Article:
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Wright v. State

United States District Court, D. Idaho

April 11, 2014

BURTON L. WRIGHT, Petitioner,


RONALD E. BUSH, Magistrate Judge.

Pending before the Court is Petitioner Burton L. Wright's Petition for Writ of Habeas Corpus. (Dkt. 3.) Respondents have filed a Motion for Summary Dismissal. (Dkt. 29.) Petitioner has responded to the Motion. (Dkt. 31, 32). Respondents have filed a Reply. (Dkt. 39.) The Court takes judicial notice of the records from Petitioner's state court proceedings, lodged by Respondent on October 7, 2013; October 16, 2013; January 10, 2014; February 20, 2014; and April 1, 2014. (Dkt. 17, 20, 28, 36, 49.) See Fed.R.Evid. 201(b); Dawson v. Mahoney, 451 F.3d 550, 551 (9th Cir. 2006).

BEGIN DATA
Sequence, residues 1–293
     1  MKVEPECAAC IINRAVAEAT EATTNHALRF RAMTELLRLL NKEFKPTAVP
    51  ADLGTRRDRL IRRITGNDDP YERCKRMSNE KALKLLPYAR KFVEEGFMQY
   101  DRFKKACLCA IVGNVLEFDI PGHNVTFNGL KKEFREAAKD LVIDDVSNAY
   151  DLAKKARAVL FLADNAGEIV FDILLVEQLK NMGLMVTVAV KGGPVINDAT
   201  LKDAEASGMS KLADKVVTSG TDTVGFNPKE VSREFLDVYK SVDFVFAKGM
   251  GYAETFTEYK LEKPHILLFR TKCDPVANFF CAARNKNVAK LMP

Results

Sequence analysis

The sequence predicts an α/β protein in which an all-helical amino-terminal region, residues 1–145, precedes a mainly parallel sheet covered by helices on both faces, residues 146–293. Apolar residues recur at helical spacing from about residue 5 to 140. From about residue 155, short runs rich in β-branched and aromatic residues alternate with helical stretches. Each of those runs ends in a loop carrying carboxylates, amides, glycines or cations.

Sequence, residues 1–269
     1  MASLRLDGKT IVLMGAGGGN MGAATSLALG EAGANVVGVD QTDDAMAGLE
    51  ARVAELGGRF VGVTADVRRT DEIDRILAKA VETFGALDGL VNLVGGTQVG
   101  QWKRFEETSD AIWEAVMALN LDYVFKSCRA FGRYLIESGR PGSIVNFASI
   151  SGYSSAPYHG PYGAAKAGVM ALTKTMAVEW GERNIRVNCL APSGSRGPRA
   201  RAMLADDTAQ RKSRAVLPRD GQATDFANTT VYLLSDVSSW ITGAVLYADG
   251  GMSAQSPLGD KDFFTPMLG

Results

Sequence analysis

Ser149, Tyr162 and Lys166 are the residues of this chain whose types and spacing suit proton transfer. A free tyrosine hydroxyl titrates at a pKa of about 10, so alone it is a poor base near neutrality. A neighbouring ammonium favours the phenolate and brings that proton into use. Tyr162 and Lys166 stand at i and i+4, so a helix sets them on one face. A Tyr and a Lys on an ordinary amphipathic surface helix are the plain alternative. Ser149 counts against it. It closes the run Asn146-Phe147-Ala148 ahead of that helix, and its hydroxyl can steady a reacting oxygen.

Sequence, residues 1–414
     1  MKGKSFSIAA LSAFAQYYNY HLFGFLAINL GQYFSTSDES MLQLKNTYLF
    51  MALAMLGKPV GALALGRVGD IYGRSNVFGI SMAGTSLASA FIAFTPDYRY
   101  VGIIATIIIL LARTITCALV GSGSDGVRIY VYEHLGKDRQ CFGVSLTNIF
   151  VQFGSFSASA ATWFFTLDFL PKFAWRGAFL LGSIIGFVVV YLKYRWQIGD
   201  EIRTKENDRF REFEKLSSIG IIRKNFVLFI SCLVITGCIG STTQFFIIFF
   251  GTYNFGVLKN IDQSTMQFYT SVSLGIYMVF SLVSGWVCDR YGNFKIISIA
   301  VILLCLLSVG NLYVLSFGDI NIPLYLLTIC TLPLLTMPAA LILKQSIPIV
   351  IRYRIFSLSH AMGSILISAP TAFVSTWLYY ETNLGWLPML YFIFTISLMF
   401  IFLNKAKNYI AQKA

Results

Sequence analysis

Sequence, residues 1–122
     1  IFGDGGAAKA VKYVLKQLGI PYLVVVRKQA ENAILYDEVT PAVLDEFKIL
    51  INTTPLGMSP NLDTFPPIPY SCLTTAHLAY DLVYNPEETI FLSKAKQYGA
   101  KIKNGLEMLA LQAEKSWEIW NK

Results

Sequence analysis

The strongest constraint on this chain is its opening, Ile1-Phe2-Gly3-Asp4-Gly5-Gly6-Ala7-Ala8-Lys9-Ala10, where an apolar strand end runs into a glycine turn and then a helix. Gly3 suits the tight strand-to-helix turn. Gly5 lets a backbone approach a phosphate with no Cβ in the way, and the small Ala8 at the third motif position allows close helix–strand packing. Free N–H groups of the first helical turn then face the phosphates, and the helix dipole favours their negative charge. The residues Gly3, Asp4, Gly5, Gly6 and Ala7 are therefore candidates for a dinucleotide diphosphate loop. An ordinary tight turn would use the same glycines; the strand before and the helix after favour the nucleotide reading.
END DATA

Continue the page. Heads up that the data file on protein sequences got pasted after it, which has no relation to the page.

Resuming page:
The parties have consented to the jurisdiction of a United States Magistrate Judge to conduct all proceedings in this case in accordance with 28 U.S.C. § 636(c). (Dkt. 13.) Having carefully reviewed the record, including the state court record, the Court finds that the parties have adequately presented the facts and legal arguments in the briefs and record and that oral argument in unnecessary. D. Idaho Loc. Civ. R. 7.1(d). Accordingly, the Court enters the following Order granting Respondents' Motion and dismissing this case with prejudice.


The facts underlying Petitioner's conviction are set forth clearly and accurately in Wright v. State of Idaho, Case No. 37331, Unpublished Op. No. 371 (Idaho Ct. App. February 25, 2011), which is contained in the record at State's Lodging C-4. The facts will not be repeated here, except as necessary to determine the procedural issues at hand.